07778 407676 / 07796 854103 info@baxinteraction.co.uk

Thomas International Psychometric Assessments

Our MD, Steve Bax, has completed training with Thomas International and is an accredited practitioner for HPTI (High Potential Trait Indicator) and a certified user of TEIQue (Trait Emotional Intelligence Questionnaire).

TEIQue is an emotional intelligence assessment designed to help individuals to understand and manage: their emotions; how well they interpret and deal with the emotions of others and how they use this knowledge to manage relationships.

HPTI helps identify leadership potential by exploring an individual’s personality traits and provides an insight into how suited they may be for a given job role or position such as senior executive leadership.

Steve talks to Kiran Kapur on Cambridge Marketing Radio about the TEIQue assessment.

TO BE BRIEF…

In our role as marketing researchers we see briefs in all shapes and sizes. Research briefs, I hasten to add.

With the massive changes we are seeing in the world of marketing research driven by the growth in: available data; engagement channels; user generated content; new methods; new technologies; analytics; concerns over privacy and so on, it is a source of bemusement at times that written research briefs are still often scant, lacking in key information, with unclear objectives or not done at all.

This may sound like a criticism of clients and prospective clients but it really isn’t. It is just surprising that the briefing process seems to be so difficult to get right.

When teaching the subject, I always say

“Without a good brief it is nearly impossible to get a good proposal”.

In the absence of a written brief we will often write one for the client and get agreement to it prior to delivering a proposal.

So here are my five key tips for writing that all important research brief:

1. State the purpose – what decisions do you need to take as a result of the research and why do they need to be taken?

2. Write a ‘shopping list’ – what information do you need to receive at the end of the research process to make those decisions? Writing a brief in this way short circuits the process of arriving at research objectives and enables the researcher or agency to deliver that information through the proposed method(s).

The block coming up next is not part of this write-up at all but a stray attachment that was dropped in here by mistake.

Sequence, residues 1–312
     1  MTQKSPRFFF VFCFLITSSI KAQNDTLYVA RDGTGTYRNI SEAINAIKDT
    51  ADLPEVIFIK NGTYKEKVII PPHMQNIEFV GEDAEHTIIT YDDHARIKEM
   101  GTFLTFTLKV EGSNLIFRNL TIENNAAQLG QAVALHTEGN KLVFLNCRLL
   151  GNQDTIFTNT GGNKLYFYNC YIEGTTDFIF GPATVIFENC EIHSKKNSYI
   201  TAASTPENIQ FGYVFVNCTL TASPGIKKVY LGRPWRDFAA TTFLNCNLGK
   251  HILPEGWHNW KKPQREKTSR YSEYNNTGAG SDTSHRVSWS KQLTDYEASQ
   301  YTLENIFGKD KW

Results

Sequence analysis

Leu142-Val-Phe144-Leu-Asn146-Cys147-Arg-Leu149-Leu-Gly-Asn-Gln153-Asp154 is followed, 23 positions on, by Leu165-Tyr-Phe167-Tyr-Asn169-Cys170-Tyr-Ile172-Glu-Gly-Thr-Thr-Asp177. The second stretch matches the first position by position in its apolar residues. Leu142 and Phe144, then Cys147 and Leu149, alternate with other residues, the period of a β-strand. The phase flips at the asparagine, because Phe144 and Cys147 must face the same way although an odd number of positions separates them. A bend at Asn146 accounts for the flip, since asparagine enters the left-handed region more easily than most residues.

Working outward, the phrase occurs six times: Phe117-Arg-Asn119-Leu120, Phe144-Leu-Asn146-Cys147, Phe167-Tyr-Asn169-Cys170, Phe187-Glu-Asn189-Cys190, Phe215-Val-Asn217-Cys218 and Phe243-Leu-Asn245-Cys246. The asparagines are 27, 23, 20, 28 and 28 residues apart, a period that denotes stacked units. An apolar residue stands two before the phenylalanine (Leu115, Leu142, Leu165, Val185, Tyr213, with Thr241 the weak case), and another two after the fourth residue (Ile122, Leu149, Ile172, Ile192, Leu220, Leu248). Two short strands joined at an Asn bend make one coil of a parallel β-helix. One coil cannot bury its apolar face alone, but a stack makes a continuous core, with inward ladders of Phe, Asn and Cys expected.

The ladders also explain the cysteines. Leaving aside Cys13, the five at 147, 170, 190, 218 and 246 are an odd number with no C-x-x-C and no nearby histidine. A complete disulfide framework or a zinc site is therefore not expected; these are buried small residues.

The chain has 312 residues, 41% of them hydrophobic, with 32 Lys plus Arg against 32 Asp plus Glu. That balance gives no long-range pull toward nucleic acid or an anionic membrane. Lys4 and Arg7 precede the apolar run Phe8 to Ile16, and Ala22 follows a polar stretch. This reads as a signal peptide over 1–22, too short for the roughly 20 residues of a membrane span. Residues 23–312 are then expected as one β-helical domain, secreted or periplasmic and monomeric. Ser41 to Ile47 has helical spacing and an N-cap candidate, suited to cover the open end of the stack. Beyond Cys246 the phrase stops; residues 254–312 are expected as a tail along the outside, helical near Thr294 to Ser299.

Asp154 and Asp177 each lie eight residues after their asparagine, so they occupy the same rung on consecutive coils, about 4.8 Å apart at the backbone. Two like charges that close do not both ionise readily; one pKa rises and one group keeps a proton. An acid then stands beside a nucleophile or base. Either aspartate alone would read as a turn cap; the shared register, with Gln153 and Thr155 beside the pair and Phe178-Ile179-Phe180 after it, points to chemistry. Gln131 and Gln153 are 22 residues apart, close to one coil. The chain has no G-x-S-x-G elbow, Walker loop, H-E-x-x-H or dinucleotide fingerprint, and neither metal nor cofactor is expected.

3. Consider the research scope – which products, services, markets, customers, clients, prospects, geographies, demographics etc. need to be researched and why – if not clear from 1. above?

4. Outline your preferred method – what are your thoughts on the method that could be used? In general, most marketers have an initial view on how the research might be undertaken, via what channels and this can be a very good guide for developing the proposal.

5. Think about timing and cost – When is the research needed by? Yes, I know “ASAP” but think about the latest date by which the results must be available to make the decisions detailed in 1?
Also, giving at least a rough guide on likely budget and insisting that the proposed costs are fully broken down so that you can see where your money would be spent is really worth considering.

Good luck with creating effective research briefs.

Radio interview with Cambridge Marketing College on Thomas HPTI (High Potential Trait Indicator) Assessments


The second part of my radio interview with Kiran Kapur, CEO of Cambridge Marketing College. This time I am talking about the Thomas International HPTI (High Performance Trait Indicator) assessment, which identifies leadership potential by exploring personality traits. The second part of the programme looks at marketing communication with the millennial generation.

Basic Social Media Mistakes

Basic Social Media Mistakes

Steve Bax‘s insight:

Good article by Keith A. Quesenberry. His key tips for success include:

1. Use broad business goals to determine your social media objectives
2. Have a multichannel social media strategy and be selective
Content needs to solve a problem, deliver a timely message or make people smile! Use emotion where appropriate.
GDPR is coming!

GDPR is coming!

The GDPR is coming.

No grace period.

Less talk more action with our new ‘GDPR Essentials’ workshops. For more details and to book click here

GDPR is not Y2K

GDPR is not Y2K

A very good pre Christmas blog by Elizabeth Denham.

GDPR is not Y2K

Her key message for organisations is:

 “By now you should be putting key building blocks in place to ensure your organisation implements responsible data practices:
1. Organisational commitment – Preparation and compliance must be cross-organisational, starting with a commitment at board level. There needs to be a culture of transparency and accountability as to how you use personal data – recognising that the public has a right to know what’s happening with their information.
2. Understand the information you have – document what personal data you hold, where it came from and who you share it with. This will involve reviewing your contracts with third party processors to ensure they’re fit for GDPR.
3. Implement accountability measures – including appointing a data protection officer if necessary, considering lawful bases, reviewing privacy notices, designing and testing a data breach incident procedure that works for you and thinking about what new projects in the coming year could need a Data Protection Impact Assessment.
4. Ensure appropriate security – you’ll need continual rigour in identifying and taking appropriate steps to address security vulnerabilities and cyber risks
5. Train Staff – Staff are your best defence and greatest potential weakness – regular and refresher training is a must”